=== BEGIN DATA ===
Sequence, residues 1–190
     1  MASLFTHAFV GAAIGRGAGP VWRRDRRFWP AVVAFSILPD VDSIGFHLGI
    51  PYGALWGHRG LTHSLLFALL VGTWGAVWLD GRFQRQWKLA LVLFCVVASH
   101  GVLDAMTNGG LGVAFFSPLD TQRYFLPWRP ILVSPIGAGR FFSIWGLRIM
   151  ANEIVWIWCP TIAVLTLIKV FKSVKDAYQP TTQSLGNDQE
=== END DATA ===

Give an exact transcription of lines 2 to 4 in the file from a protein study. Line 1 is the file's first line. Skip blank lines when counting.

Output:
     1  MASLFTHAFV GAAIGRGAGP VWRRDRRFWP AVVAFSILPD VDSIGFHLGI
    51  PYGALWGHRG LTHSLLFALL VGTWGAVWLD GRFQRQWKLA LVLFCVVASH
   101  GVLDAMTNGG LGVAFFSPLD TQRYFLPWRP ILVSPIGAGR FFSIWGLRIM